I'm currently loving The Kitchn site and get regular email updates.  While reading my email the other morning, there was a  post about making applesauce.  I still hadn't had breakfast, couldn't put my finger on what I wanted to eat, but after reading the daily post, thought about the 2 close-to-overripe Asian pears in my fruit bowl.  Sure, I could make applesauce too since I bought a few at the market, but I have those earmarked for Jewish Apple Cake this weekend.

It really was quick to come together.  Warm, delicous, reeking of Autumn and a nip in the air...only with a twist of bright sunshine and palm trees outside the window.

Asian Pear Sauce
(Adapted from a recipe on The Kitchn)

Makes about 1/2 cup

2 medium-sized Asian pears, peeled and cubed
3/4 cup water
1 cinnamon stick
1/4 teaspoon lemon zest
1/4 teaspoon orange zest
1 slice fresh ginger, about 1-inch diameter

Combine all ingredients in small sauce pan.  On medium heat bring to high simmer, then lower heat and simmer for about 20 minutes.  Don't let the liquid evaporate completely, add a little more water if needed.  After cooking, remove cinnamon stick and ginger.  Puree in blender, processor, or with immersion blender.  Or do it the old fashioned way and mash it with a fork. 

Sprinkle with more cinnamon (I can never get enough) and/or nutmeg.  Spoon it over oatmeal or just spoon it into your mouth.  Especially yummy with butter-slathered toast.

Friday, October 21, 2011

Take Two...

Today at 4:45 p.m. my vacation began.  I say 'Take Two' because it's so close to the time off I took in August...not too long ago, but long enough that I'm thrilled with the time off now.  This will be a welcome respite from the Hell that will be 'Another Holiday Working in Retail,' a.k.a 'The Day Job.'

I have a couple of posts that will find their way to print in the next day or two, but in the meantime, here's a photo of a great little item my sister sent me.  I love matryoshkas, and this is just too cool for words.  Measuring cups!!  Nesting measuring cups that look like Matryoshkas!  Practical and kitchen counter is a hipper space because of them.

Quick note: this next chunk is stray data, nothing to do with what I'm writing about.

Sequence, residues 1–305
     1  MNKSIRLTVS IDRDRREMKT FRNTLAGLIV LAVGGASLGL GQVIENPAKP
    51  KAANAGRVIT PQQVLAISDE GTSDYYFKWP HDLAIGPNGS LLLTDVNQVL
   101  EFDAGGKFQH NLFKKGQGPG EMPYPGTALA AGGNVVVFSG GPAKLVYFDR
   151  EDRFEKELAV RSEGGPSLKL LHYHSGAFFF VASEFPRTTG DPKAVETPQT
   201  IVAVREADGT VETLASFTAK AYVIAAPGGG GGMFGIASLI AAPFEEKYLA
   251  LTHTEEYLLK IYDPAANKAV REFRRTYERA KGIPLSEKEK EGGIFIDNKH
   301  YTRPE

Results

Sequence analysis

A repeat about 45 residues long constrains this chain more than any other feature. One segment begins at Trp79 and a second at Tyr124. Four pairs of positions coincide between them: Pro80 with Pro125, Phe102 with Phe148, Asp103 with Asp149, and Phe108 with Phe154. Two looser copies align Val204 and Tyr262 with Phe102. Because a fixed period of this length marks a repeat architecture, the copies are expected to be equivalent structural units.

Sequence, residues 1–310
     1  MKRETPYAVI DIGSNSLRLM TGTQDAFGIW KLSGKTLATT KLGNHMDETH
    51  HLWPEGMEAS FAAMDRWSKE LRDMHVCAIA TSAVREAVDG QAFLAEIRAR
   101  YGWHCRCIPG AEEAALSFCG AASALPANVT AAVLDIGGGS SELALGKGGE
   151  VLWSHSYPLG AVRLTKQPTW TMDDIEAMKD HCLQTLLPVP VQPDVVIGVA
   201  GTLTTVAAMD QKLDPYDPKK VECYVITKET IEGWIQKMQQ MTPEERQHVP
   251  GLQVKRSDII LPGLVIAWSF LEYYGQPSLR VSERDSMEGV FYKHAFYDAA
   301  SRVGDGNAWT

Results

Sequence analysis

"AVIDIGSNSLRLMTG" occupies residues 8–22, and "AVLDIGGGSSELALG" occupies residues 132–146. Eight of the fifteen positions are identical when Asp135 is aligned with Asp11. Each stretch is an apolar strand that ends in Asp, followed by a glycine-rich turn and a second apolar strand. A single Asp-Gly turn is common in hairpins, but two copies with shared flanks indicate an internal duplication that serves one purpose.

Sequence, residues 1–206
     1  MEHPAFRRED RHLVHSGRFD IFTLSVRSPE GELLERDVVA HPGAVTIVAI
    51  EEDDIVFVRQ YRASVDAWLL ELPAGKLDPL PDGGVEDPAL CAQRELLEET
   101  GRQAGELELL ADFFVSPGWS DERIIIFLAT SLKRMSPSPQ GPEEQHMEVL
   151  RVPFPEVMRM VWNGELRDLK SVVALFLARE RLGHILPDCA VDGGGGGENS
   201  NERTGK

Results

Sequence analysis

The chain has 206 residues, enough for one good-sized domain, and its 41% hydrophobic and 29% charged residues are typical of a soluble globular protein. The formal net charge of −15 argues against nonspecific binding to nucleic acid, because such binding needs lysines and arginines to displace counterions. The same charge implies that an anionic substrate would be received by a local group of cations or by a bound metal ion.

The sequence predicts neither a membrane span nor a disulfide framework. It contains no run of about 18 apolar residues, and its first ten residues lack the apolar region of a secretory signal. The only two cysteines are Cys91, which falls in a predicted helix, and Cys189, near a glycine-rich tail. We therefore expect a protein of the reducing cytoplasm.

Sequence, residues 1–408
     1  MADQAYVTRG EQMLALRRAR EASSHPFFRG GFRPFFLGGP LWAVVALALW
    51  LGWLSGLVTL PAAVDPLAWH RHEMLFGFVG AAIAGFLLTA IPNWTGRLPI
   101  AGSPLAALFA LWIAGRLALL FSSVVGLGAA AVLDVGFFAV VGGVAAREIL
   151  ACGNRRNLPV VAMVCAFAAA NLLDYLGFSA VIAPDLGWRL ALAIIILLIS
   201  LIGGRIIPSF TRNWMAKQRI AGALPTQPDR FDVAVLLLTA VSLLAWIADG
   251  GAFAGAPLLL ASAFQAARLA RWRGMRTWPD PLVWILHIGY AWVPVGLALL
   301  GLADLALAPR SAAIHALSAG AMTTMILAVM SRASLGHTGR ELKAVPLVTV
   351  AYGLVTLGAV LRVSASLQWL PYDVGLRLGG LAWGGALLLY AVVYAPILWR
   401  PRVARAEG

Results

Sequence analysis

Sunday, October 9, 2011

You Never Get Tired...

...of some foods.  Take a grilled cheese sandwich and a bowl of piping hot tomato soup.  Remember that when you were a kid?  I do.  White bread slathered with margarine, three slices of white American cheese, grilled just a little past the well-done side, cheese oozing, and for me, a bowl of Campbell's ABC Vegetable soup.  I could taste it before I even took a bite.  It was always 'right.'  Perfect comfort food; perfect for lunch or dinner, in summer or fall, on a bright day or with a storm raging outside.

The palate changes as you age.  You find new favourites and try new cuisines with tastes subtle or bold.  Then you think about the old stand-bys and what would happen if you tweaked the ingredients.  You think it's time to venture past that can of Campbell's and the loaf of Stroehmann bread.

It might look something like this:

Barbari bread replaces your white bread, Mozzarella and Fontina stand in for the American cheese, and (what would surely make most children cringe in disgust) a few leaves of spinach between the cheese.  You think it's high time you made your own tomato soup and find another use for the tomatoes you cannot stop roasting.

Still right, even on a sunny 85 degree day in Los Angeles.

Cream of Tomato Soup
(Adapted from a recipe on the kitchn)

2 tablespoons butter
1 small onion, chopped
1 celery stalk, chopped
1 1/2 teaspoons dried basil
pinch of ground cloves
2 tablespoons flour
2 cups roughly chopped oven-roasted tomatoes 
pinch of baking soda
2 cups chicken or vegetable stock 
1 cup milk
tomato paste, as needed
salt and pepper to taste

Melt butter in a large pot on medium heat and cook celery and onions until soft.  Add basil and cloves.  Left flavours mingle for a minute or two.  Add flour and cook for an additional couple of minutes.  Add tomatoes, baking soda, and stock.

Lower heat to simmer and let cook for another 10-12 minutes, stirring occasionally.  Remove pot from heat and puree soup, either in batches in a blender or with an immersion blender.  When soup has been pureed, return pot to heat and add milk.  Stir to blend.  More milk or stock can be added to thin soup if it's too thick.  Add tomato paste, if necessary, to impart stronger tomato flavour.  Add salt and/or pepper to taste.  Can be topped with chopped fresh basil, a dollop of creme fraiche or sour cream, or homemade croutons.  

**Notes:  I used Roma tomatoes and low sodium chicken stock from Trader Joe's.  I ended up using 3 tablespoons of tomato paste, because I really wanted a strong tomato flavour.  I also topped the soup with a  healthy dose of creme fraiche.  For leftovers on Day Three, I added cooked spaghetti squash to the soup and topped it with homemade garlic croutons.